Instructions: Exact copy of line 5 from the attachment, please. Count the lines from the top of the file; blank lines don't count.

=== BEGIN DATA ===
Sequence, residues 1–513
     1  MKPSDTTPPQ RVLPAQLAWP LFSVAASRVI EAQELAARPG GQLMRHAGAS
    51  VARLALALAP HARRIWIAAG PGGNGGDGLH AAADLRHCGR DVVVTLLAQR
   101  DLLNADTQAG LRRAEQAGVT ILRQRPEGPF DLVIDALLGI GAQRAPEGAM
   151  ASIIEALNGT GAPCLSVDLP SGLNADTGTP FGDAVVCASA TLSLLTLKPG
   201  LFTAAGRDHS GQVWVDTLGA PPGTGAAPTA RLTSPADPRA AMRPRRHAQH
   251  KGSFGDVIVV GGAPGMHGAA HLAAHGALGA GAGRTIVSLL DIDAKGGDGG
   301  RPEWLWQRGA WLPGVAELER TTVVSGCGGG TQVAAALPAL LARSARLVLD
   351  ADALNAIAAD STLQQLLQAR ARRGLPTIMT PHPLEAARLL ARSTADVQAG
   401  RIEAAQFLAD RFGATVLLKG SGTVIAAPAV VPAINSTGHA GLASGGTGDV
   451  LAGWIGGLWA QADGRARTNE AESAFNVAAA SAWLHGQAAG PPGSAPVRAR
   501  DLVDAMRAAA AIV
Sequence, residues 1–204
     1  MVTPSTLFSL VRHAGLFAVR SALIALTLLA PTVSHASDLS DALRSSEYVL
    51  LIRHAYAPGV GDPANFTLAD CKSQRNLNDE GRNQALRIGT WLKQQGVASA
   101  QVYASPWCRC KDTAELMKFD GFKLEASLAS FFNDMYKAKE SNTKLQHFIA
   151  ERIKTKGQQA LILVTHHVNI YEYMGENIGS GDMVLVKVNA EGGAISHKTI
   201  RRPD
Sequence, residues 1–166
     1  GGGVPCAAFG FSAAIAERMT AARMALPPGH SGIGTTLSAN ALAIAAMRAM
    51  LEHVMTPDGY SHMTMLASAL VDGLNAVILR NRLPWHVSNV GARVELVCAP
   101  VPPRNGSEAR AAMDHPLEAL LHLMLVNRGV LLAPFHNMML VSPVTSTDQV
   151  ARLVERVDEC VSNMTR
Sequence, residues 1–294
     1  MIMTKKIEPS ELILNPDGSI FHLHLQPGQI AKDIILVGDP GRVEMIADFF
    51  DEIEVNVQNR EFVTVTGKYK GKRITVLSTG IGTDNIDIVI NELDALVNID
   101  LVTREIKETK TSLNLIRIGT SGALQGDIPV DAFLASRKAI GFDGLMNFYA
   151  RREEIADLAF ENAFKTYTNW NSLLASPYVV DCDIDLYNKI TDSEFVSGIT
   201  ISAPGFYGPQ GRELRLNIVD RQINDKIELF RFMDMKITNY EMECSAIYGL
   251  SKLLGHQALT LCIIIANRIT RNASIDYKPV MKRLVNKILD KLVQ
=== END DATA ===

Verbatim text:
   151  ASIIEALNGT GAPCLSVDLP SGLNADTGTP FGDAVVCASA TLSLLTLKPG